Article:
It is intriguing to see the current argument over organic milk. The Cornucopia Institute has filed a complaint against the USDA, complaining that “industrial-scale” dairies operated by Aurora Dairy of Boulder, Colo., is failing to meet national guidelines for organics because its cattle don’t “graze,” as required.
To me, this is a battle between philosophies and between marketing strategies. It’s centrally about money. The alleged perpetrators are seen by small producers to be stealing money from the little guys who presumably follow the rules and allow cows to graze.
The proponents of organic milk don’t frame this primarily that it is better for the consumer, except that the consumer may – or may not – see this grazing issue as important. Is it primarily important to the producers who follow the rules? I don’t know.
This seems similar to the issue of kosher production because the difference between the products would not be immediately apparent to the consumers. The difference is that kosher is voluntary and isn’t something regulated by the government. Kosher means different things to different people. Some people buy kosher with only a general sense that the certification connotes higher quality.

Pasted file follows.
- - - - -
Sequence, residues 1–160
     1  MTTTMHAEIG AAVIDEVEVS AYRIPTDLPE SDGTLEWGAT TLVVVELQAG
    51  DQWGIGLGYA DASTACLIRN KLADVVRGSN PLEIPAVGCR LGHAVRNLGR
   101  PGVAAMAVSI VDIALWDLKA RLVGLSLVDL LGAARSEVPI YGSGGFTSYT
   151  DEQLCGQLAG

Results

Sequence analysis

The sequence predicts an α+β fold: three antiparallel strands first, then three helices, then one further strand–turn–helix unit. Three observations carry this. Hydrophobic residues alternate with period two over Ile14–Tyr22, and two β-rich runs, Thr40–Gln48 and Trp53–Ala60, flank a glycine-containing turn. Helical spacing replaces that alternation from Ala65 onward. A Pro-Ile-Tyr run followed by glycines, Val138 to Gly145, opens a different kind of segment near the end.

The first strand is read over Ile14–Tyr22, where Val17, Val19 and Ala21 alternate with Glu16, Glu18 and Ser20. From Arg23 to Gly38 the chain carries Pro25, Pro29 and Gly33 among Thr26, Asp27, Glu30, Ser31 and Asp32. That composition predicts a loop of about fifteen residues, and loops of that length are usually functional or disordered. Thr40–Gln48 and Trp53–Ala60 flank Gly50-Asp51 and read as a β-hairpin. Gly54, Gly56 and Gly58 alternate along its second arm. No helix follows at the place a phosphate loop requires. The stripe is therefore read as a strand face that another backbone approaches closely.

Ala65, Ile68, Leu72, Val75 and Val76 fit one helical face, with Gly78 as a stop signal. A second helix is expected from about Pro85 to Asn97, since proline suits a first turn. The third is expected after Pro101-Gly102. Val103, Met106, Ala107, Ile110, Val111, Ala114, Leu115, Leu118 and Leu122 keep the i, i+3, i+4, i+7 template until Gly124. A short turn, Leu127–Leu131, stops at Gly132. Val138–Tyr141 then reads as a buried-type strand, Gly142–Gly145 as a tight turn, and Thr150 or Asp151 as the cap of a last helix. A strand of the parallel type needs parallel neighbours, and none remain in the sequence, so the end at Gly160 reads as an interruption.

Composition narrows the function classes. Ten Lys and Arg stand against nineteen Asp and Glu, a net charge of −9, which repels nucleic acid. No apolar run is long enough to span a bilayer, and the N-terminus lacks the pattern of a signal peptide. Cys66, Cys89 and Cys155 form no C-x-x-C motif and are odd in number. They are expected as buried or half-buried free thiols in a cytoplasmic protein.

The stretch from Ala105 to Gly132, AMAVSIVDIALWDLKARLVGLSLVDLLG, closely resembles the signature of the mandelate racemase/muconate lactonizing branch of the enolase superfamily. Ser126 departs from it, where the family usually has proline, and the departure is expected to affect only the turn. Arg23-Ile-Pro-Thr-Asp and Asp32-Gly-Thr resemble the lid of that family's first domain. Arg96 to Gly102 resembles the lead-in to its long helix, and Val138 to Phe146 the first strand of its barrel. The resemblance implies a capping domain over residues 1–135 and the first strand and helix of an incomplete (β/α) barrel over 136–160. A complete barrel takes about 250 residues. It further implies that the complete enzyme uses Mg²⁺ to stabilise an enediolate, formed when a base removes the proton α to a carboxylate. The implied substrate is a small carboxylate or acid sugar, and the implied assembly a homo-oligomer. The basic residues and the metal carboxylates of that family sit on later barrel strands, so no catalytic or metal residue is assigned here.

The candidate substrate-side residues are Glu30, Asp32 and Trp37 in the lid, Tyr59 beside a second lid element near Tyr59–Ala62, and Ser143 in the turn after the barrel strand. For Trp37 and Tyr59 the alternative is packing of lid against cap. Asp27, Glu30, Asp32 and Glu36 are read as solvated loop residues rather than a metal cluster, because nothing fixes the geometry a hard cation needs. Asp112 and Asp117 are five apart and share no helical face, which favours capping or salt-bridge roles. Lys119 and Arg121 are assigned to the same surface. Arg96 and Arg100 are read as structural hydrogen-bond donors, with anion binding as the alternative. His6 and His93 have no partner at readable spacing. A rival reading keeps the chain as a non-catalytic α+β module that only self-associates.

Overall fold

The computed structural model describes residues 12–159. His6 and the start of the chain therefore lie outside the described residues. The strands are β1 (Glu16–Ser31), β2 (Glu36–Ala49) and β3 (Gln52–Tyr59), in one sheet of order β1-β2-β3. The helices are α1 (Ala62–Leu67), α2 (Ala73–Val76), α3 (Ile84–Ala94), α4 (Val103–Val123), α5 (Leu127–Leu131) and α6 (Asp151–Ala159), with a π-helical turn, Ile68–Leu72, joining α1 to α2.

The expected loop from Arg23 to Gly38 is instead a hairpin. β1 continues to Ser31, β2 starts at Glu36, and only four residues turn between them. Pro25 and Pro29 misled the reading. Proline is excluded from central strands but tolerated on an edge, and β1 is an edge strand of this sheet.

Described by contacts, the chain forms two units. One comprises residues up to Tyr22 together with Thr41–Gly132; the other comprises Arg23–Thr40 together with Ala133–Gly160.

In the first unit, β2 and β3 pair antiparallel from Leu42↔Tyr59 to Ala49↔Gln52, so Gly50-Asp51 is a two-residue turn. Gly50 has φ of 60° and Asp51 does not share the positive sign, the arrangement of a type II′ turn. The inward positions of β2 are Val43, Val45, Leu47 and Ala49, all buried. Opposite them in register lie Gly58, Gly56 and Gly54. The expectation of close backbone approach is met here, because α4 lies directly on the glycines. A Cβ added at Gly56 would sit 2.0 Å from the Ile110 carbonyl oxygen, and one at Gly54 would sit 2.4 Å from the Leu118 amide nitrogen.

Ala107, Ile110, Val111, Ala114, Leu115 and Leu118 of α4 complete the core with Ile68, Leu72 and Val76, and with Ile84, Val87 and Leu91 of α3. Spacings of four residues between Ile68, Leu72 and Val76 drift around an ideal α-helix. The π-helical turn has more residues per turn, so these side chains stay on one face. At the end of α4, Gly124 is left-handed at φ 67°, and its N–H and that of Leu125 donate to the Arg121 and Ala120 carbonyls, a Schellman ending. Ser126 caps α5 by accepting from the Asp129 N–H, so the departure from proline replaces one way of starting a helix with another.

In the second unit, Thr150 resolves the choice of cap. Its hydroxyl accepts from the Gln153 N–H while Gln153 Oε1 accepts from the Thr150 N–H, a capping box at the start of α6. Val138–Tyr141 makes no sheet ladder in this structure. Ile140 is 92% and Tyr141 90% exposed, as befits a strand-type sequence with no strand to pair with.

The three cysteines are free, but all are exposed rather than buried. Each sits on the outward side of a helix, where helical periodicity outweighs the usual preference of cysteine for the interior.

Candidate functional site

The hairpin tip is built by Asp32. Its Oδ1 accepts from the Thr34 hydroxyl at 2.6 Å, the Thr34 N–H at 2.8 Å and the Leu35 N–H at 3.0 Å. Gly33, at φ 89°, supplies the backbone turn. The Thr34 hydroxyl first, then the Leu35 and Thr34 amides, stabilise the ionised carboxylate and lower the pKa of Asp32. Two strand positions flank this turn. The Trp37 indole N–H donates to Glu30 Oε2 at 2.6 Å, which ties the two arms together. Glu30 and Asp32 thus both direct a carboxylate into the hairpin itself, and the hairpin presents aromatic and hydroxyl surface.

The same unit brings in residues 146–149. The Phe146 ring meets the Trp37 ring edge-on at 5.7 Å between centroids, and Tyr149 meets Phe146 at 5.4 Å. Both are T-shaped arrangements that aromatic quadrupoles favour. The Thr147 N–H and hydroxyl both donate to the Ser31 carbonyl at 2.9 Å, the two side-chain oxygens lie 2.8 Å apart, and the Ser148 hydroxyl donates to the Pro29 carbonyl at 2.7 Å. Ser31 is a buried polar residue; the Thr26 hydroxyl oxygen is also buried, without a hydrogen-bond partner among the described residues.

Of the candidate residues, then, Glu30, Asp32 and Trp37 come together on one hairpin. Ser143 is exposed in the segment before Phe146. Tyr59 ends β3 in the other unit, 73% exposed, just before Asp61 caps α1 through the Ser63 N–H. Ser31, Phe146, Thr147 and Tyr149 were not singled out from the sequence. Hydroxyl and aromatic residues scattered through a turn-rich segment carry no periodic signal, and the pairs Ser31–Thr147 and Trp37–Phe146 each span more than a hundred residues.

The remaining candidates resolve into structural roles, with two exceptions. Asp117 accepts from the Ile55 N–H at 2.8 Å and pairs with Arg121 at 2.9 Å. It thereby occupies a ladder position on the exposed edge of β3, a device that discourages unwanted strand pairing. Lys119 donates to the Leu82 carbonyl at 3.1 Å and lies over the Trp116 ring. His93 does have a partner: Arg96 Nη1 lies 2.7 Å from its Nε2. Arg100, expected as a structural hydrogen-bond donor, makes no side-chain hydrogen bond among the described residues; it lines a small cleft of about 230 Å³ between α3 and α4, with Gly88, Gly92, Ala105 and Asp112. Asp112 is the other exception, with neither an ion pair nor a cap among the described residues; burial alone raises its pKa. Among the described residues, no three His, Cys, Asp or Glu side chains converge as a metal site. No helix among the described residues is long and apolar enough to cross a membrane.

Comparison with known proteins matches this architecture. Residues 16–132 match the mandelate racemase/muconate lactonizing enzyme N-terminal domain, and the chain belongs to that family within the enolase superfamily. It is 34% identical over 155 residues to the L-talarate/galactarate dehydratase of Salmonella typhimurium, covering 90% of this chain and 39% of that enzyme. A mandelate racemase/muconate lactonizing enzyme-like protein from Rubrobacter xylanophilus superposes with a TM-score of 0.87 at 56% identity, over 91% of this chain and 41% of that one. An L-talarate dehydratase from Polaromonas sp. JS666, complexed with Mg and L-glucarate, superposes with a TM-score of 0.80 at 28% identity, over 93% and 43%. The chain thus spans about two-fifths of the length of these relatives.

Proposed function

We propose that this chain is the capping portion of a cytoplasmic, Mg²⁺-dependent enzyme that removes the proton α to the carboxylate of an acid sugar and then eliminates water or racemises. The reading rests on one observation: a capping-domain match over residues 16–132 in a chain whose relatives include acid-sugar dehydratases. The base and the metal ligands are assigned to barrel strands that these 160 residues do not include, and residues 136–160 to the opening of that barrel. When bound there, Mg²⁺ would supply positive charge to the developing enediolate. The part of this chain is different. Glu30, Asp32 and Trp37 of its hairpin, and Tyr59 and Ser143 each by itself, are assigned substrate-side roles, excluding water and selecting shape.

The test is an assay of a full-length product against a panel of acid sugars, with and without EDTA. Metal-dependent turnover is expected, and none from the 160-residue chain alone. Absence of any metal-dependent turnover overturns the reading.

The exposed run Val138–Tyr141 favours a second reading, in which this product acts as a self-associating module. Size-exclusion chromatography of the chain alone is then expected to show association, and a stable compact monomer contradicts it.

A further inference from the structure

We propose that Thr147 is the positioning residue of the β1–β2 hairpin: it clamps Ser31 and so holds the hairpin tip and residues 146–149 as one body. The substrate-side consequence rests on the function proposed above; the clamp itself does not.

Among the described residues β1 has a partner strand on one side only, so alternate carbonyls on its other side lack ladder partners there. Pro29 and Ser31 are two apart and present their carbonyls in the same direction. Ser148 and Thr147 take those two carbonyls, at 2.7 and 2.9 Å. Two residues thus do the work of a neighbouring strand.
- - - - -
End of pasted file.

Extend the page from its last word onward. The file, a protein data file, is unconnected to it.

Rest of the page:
I think the organic battles now truly are joined and will become more interesting as they get into court battles.
It reminds me of a discussion that the North American Agricultural Journalists had at our last meeting in Washington, D.C.
One woman who is in the business of selling locally-grown produce for the Washington, D.C., area had been supportive of national organic standards. Now, as the standards were in place, she found them impractical because of the paperwork in dealing with each of the crops she sold.
Still a promoter of “organic,” she now has decided to sell her produce as “grown with organic principles.”
What is ultimately going to be important is whether these rules are important to the bulk of the organic consumers — not some small subset.